The Influence Marketing Guys were WRONG – and Then They Made it RIGHT
At this point, I am sure the authors of Influence Marketing – Sam Fiorella and Danny Brown – are saying “What the…” as their Google Alert picks up on this blog title. If they are doing sentiment analysis on blog titles, using a product like Mantis Pulse Analytics (shameless product plug there), then the initial sentiment score would be negative. That sentiment analysis would be inaccurate because I thoroughly enjoyed the book!
DISCLAIMER: I am mentioned in the Acknowledgements of this book, and Pulse Analytics is mentioned as a viable alternative in an influence marketing strategy. I count both of these gentlemen as friends; however, I am not a “homer” and I challenged them on several points as they wrote the book (how to “scale” their methodology…how to apply to B2B opportunities versus the more natural B2C scenarios…influence scoring algorithms are NOT going away).
Definition of a “homer” via the Urban Dictionary
In fact, this book mentions several competing products even more prominently than Pulse Analytics because Mantis is relatively new to the social media monitoring and sentiment analysis arena. I *am* grateful that Pulse Analytics is part of this influence marketing conversation.
So how were the Influence Marketing guys (Sam and Danny) wrong? Well, they come right out and tell the readers in the first chapter! The MV-1 Canada case study takes readers through an iterative process where the initial sales results failed to meet expectations. But here is what makes Sam and Danny special: they are willing to adapt their methodology based upon measurable results! They are then willing to share their learning curve with the readers. In fact, they invite their critics before they get to Chapter 1. They are willing to be thought leaders, debate facilitators, and opinion collectors, as they strive to develop an influence marketing methodology that is both reproducible and measurable for marketing organizations – with metrics tied to financial performance versus simply engagement and brand awareness.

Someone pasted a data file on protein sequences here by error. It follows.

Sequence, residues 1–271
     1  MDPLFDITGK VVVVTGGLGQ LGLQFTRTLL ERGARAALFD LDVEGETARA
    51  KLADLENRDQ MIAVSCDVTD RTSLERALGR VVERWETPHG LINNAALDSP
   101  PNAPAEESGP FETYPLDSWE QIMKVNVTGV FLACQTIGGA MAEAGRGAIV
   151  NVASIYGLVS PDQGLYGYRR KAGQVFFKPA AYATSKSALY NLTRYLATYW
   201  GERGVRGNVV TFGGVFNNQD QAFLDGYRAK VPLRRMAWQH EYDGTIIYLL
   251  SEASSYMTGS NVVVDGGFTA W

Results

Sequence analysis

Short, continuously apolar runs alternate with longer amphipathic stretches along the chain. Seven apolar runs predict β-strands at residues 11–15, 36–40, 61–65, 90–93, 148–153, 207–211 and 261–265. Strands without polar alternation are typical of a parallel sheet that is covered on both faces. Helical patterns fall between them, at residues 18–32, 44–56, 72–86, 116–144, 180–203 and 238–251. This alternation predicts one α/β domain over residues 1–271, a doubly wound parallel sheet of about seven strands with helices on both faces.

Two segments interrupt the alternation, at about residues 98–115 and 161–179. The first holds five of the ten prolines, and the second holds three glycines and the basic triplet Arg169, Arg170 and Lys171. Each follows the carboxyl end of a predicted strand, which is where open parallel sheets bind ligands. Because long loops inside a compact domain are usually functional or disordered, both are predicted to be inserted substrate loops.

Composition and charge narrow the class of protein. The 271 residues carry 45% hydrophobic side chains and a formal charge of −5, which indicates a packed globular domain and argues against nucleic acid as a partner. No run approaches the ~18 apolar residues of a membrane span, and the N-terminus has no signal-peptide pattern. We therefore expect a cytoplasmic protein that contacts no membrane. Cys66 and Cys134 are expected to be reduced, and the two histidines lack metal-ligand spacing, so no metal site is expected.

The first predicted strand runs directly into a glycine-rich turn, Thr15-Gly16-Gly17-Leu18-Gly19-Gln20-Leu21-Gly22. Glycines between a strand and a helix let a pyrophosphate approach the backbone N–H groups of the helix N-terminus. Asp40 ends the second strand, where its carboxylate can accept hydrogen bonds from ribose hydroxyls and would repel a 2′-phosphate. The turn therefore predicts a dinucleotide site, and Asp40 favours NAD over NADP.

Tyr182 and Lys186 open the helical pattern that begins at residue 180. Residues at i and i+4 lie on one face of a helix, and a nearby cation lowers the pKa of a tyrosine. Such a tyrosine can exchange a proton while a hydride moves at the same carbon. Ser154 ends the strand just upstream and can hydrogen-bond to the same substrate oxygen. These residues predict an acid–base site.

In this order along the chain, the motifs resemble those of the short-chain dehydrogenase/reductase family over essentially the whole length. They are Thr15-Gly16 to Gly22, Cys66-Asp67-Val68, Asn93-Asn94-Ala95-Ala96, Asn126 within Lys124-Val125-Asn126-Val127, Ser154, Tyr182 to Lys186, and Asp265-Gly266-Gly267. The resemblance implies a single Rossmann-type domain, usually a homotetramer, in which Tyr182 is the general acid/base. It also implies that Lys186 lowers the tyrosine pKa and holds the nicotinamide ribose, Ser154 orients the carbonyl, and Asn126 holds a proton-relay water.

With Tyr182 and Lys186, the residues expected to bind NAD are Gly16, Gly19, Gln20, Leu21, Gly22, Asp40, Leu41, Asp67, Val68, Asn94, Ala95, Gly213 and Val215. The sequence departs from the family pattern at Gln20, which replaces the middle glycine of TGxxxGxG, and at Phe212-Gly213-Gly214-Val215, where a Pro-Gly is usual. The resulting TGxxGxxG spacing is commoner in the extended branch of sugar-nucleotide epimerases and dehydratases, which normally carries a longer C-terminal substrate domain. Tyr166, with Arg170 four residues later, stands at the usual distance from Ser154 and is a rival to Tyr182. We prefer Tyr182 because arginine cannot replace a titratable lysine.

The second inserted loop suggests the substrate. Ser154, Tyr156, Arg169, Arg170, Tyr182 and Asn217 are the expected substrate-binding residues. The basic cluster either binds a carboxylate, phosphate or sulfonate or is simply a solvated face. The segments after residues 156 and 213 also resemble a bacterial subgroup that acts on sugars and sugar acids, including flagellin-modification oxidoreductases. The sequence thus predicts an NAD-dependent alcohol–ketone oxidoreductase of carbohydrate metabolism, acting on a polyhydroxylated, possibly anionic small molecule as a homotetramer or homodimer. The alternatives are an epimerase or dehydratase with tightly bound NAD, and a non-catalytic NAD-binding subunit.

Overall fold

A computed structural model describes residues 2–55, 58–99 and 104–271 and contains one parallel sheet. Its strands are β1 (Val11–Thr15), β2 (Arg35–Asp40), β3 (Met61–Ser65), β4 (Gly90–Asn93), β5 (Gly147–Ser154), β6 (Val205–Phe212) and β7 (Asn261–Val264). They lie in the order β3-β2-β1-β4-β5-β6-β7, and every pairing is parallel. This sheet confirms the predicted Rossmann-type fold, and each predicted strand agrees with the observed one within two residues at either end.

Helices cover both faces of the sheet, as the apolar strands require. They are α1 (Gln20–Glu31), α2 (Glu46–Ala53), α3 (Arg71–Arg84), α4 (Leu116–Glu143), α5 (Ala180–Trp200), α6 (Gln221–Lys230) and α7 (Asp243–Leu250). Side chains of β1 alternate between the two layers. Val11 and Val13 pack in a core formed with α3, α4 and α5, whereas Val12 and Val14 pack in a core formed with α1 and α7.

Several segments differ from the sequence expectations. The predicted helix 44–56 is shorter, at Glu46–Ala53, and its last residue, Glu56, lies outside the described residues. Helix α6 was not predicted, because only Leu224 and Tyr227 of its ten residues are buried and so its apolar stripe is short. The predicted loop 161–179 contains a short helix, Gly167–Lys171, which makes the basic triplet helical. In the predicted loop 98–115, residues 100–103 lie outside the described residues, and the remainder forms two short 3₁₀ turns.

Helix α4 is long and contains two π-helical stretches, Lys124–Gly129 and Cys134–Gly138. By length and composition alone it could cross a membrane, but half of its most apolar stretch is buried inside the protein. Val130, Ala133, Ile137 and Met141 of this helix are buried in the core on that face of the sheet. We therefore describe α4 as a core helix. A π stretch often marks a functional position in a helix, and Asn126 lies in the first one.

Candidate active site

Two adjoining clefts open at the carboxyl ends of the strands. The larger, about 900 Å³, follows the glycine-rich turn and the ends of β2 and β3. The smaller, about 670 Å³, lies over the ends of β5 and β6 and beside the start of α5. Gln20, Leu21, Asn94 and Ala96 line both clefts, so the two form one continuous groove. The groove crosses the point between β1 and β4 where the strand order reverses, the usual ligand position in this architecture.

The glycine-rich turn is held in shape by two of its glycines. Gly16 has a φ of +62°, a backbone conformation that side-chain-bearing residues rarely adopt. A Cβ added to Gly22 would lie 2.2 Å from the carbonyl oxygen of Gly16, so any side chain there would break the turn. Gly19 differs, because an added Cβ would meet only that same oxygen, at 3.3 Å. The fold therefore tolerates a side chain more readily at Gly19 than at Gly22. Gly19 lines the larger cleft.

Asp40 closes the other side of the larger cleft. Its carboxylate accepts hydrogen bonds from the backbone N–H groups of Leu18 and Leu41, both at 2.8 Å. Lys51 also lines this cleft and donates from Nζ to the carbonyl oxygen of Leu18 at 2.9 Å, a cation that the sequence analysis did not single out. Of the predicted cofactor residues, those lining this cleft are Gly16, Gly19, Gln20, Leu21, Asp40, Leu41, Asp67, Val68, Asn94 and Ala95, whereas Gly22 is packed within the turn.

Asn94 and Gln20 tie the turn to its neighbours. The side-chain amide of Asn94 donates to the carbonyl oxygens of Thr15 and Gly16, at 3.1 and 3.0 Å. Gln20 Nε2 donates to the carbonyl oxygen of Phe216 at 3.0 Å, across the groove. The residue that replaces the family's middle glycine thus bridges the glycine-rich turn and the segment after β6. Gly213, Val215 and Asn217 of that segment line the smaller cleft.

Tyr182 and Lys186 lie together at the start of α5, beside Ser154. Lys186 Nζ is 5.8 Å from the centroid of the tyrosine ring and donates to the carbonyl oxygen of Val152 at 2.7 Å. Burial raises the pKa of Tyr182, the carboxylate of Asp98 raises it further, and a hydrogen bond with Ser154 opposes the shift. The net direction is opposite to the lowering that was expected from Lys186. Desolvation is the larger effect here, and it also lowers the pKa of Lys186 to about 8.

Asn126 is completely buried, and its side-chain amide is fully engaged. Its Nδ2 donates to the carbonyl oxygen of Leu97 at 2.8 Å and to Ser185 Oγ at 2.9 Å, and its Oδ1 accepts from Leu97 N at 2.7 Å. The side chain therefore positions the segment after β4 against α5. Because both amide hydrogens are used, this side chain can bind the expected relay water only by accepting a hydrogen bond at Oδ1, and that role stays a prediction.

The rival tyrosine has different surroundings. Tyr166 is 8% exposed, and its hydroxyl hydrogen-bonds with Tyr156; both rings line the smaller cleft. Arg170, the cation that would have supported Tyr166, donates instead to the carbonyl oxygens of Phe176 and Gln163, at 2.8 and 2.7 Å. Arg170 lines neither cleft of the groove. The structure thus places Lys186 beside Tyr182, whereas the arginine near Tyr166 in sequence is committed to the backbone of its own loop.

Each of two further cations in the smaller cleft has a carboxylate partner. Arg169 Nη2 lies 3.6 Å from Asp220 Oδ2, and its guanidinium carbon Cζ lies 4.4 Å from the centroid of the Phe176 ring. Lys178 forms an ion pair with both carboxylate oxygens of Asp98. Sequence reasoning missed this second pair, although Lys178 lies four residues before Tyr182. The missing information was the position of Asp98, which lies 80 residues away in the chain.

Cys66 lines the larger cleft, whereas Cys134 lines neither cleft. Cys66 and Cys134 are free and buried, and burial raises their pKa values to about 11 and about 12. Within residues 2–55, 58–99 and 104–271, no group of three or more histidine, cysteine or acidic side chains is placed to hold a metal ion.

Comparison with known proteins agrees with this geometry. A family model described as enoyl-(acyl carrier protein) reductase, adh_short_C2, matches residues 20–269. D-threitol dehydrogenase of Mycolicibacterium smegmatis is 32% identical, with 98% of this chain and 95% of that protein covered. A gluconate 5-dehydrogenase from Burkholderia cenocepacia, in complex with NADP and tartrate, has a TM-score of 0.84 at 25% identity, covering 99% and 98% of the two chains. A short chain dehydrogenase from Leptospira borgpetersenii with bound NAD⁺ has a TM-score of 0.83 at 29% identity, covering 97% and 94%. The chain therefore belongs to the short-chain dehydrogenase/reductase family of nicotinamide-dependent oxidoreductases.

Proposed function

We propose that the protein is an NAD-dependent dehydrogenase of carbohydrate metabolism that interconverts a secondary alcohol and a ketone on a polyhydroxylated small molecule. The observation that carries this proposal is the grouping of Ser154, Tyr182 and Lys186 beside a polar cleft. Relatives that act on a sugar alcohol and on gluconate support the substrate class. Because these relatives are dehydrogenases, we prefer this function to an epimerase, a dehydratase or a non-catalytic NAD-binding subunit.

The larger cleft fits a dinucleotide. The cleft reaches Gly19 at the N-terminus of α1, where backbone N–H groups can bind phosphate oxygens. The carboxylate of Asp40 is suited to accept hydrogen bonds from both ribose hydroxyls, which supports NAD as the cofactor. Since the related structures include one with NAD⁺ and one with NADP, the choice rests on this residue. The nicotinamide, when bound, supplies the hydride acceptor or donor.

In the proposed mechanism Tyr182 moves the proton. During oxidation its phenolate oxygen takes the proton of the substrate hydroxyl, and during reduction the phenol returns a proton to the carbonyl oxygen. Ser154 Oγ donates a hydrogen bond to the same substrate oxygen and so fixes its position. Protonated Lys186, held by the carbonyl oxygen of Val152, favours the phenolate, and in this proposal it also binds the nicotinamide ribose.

Rather than give you an exhaustive book report, I am going to hit the highlights that should compel YOU to go read the book:
- In the MV-1 Canada case study, influencers “had their eyes and ears, they did not necessarily have their hearts and wallets” when it came to prospective customers. Here is another great quote from that detailed case study regarding influencers: “Their influence was one-dimensional; relationships without depth, amplification without action, and recommendation without comprehension of the audience’s need.”
- We learn how the modern “Connected Consumer” prefers pull marketing techniques. They want to research their own purchasing decisions (I know I do), and this leads to the “IKEA Effect” – they become emotionally invested in the decision because they contributed with their own labor (the research).
- Once a brand establishes “emotional resonance”, and creates true advocates, then negative scenarios are seen as “road bumps in the overall success of the business”. In fact, “true success comes from advocacy – when loyal customers refer friends”. Think about it – we will always put higher trust in recommendations from friends versus any form of paid media and interruptive advertising.
- One of my favorite stories was how the music community tried to manage the current trend when Napster was sharing copyrighted music for free. Meanwhile, Apple adapted to trend currents which in this case was observing how people changed how they wanted to consume music. So Apple created iTunes, and we ALL know how that decision turned out (CHA-CHING, Apple). The current trend is now influence scoring, but perhaps the trend current is how we should “create, manage, and measure brand influencers in the future.”